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Bangkok is the residence of the king, and the royal palace is by far the most conspicuous work of Siamese architecture. The city is surrounded by a wall six miles in circumference, and is a little realm in itself. Within these walls are temples, audience halls, images, shrines, and public offices.

From earliest times the kings of Siam have desired to own white elephants, and have encouraged their capture by awarding titles of nobility to the people discovering them.

It used to be commonly believed that the Siamese worshiped the white elephant as a deity, but this was found to be untrue. The feeling on the part of the people, it was learned, was only one of great respect

a sacred beast.” Whenever a white elephant is captured, the king and his attendants meet the illustrious animal, a long distance from the city, and escort it in royal state to the capital. A procession of soldiers, dressed in bright uniforms, leads the way into the city. Then come the state elephants, dressed with trappings of gold and bearing on their backs richly decorated howdahs.

Behind these are seen the king's bodyguard, surrounding his Majesty, who, seated on a litter-chair and sheltered beneath a huge gilt umbrella from the scorching rays of the sun, is borne by his attendants. Next comes the white elephant, the hero of this occasion, led by his keeper.

Extravagant stories were formerly told of the almost royal state in which white elephants were kept; how

they were fed from golden dishes, and were decorated with gems and chains of gold. These stories may have been true many years ago; but a sight of the common sheds in which the white elephants are now housed,

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and the simple manner in which they are fed, makes us realize that the Siam of to-day is giving up many of the customs and superstitions once common in that kingdom.

Of more importance than the palace are the temples, or wats, as they are called in the Siamese language.

The religion of Siam is Buddhism, and the people are devout worshipers. The king, although a Buddhist, has made a proclamation that all religions are to be free and unmolested in his land. The Christian missionary is, therefore, met with cordial good will, and not with opposition.

Among the imposing temples of Bangkok the most prominent is the Wat Chang, and the following vivid description, written by Bayard Taylor, will reveal its beauty:

“ Within a stone's throw of my window rose the shining tower of the most splendid temple in Bangkok. From its broad octagonal base to the tip of its splendid spire it must measure, I should think, a good deal more than two hundred feet; and every foot of its irregular surface glitters with ornament.

“Curiously wrought into it are forms of men and birds, and grotesque beasts, that seem with their outstretched hands, or claws, to hold it up. Two thirds the way from the base stand four white elephants, made of shining porcelain, facing one each way toward four points of the compass. From the rounded summit rises, like a needle, a sharp spire. This was the temple tower; and all over the magnificent pile, from the tip of the highest needle to the base, from every prominent angle and projection, there were hanging sweet-toned bells, with little gilded fans attached to their tongues, so swinging that they were vocal in the slightest breeze.”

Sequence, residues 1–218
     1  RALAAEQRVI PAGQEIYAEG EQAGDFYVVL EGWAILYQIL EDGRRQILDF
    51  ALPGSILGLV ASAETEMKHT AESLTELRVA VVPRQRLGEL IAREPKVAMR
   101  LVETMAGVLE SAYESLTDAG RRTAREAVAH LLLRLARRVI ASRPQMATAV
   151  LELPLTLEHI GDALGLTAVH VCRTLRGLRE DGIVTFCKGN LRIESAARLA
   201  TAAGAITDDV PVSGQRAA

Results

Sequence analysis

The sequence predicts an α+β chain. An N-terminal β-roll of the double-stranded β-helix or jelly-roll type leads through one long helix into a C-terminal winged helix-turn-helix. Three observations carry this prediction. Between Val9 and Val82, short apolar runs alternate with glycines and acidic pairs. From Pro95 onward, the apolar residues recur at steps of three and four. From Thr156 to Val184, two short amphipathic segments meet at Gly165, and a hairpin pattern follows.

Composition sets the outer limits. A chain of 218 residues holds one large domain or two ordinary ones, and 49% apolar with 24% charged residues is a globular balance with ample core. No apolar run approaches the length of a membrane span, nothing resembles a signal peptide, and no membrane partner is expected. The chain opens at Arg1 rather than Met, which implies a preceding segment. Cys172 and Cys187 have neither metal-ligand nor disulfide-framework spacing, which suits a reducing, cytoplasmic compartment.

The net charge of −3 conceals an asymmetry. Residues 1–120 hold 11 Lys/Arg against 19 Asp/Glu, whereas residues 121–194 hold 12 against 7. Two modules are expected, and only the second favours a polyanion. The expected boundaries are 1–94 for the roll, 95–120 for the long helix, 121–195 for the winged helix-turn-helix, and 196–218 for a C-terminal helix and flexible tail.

Along the east coast of Indo-China is a region known as Cochin China which, with Anam and Ton

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quin on either side, is now under the control of France.

The people are very largely Mongolian, and their language is like that of the Chinese.



66 What shall we call
This Curious One who builded a great wall,
That rivers crossing, skirting mountain steeps,
Did not keep out, but let in, the invader ?
With twinkling almond eyes and little feet,
She tottered hither from her fields of flowers,
From where Peking uplifts its pictured towers,
And from the markets where her merchants meet
And barter with the world."

You are familiar with the names Hong-Kong, Canton, Shanghai, and Peking. What pictures come to your minds as these names are repeated? These are but a few of the great cities that fringe the coast of the mighty Chinese Empire.

We may form some idea of the immense size of China when we know that, with the exception of Russia, it is the largest empire the world has ever known. It occupies about one third of the whole continent of Asia. This vast empire has been, till recent times, one of the least-known countries on the globe. Look at your maps, and you will soon discover why

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